In most cases, a very small additional branch could be found arising from the SAN about 2 cm medial to the trapezius muscle. This branch enters the descendant part of the muscle approximately 2 to 3 cm cranial to the main nerve (Figure 2 and Figure 3).
In 6 preparations, the minor occipital nerve passed into the posterior triangle of the neck at the posterior border of the SCM muscle about 1 to 2 cm caudally to the SAN, running parallel to it toward the anterior border of the trapezius muscle. In these cases, the minor occipital nerve turned upward, crossing the SAN as far lateral as the anterior border of the trapezius muscle, forming a kind of nerve plexus (Figure 2 and Figure 3).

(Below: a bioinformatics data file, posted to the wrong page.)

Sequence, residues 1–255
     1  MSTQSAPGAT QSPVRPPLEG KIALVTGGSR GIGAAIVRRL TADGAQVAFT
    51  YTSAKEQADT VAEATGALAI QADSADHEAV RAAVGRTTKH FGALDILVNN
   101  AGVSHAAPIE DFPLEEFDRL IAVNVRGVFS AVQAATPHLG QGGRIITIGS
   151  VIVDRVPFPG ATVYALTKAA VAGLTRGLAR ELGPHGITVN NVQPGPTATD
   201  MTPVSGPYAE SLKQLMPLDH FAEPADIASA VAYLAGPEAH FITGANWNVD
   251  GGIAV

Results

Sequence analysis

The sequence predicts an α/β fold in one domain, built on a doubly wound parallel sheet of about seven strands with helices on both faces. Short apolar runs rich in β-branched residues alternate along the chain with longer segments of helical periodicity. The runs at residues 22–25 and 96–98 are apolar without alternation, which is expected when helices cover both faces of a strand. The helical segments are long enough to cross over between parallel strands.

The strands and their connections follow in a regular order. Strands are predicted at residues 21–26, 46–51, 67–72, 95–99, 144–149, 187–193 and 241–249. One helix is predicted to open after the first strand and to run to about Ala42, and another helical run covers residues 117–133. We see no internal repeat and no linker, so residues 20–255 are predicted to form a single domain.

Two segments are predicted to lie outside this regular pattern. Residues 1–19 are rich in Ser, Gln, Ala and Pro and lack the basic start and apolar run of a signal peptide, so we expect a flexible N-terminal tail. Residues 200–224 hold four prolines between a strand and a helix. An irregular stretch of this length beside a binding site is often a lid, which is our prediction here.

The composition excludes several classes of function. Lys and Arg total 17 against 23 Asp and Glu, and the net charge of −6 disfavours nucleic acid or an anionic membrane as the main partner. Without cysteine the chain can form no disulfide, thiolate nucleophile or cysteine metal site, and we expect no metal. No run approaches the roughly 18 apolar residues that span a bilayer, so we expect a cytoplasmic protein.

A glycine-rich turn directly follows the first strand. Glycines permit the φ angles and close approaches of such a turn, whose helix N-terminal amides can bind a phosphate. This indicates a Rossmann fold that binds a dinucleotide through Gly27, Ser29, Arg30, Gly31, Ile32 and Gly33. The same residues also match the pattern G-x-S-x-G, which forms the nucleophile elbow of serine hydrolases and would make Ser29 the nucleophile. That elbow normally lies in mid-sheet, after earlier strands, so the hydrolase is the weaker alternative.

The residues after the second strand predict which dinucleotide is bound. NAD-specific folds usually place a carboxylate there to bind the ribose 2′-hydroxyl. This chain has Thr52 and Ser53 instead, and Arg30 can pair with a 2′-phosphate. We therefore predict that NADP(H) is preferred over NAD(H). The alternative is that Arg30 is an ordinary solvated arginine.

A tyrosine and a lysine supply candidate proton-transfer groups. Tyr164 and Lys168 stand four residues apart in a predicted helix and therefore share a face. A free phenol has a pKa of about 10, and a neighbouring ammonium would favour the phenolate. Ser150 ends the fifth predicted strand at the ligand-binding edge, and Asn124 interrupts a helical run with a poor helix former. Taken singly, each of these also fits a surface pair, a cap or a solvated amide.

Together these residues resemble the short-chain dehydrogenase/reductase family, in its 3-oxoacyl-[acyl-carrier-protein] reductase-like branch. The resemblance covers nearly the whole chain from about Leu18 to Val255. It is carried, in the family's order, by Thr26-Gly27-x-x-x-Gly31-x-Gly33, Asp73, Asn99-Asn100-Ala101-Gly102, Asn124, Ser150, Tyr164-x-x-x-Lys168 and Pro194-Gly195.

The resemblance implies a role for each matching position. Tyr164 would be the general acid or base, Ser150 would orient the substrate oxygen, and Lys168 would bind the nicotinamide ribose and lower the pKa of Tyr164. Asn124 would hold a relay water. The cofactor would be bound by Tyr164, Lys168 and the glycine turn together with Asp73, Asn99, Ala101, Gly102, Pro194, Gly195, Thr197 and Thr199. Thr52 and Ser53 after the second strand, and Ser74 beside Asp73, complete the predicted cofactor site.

The rate of iatrogenic lesions of the SAN during neck surgery is considerably high, and most surgeons seem to be aware of this fact. Nonetheless, anatomic descriptions of the exact course of the SAN and adjacent structures given in the literature are surprisingly confusing and often wrong. In the present study, we tried to elucidate the surgical anatomy of all nerves involved in trapezius muscle innervation. It can be clearly shown that the SAN crosses the IJV ventrally in 56% of the patients and dorsally in 44%. The course of the SAN occurred independently on each side. In almost one third of the preparations—much more often than one would expect—the SAN did not pass through the SCM muscle but lay dorsal to it.4,8 If it passes through the muscle, however, one must be aware that the SAN takes a 3-dimensional course instead of running straight through. Independently of this topographic feature, the nerve enters the posterior triangle of the neck at the lateral border of the SCM muscle, on average 8.2 cm cranial to the clavicle (Figure 1). In addition, 1 to 3 (in most cases 2) branches of the cervical plexus run to the trapezius muscle and contribute to its innervation. These branches pass through the posterior triangle of the neck independently of the SAN, very rarely intermingling with it. In most cases, there was a thin cranial branch and a thicker one lying deeper and more caudally. In the posterior triangle of the neck, the SAN may intermingle with the cervical plexus branches, but this is the exception rather than the rule.17,23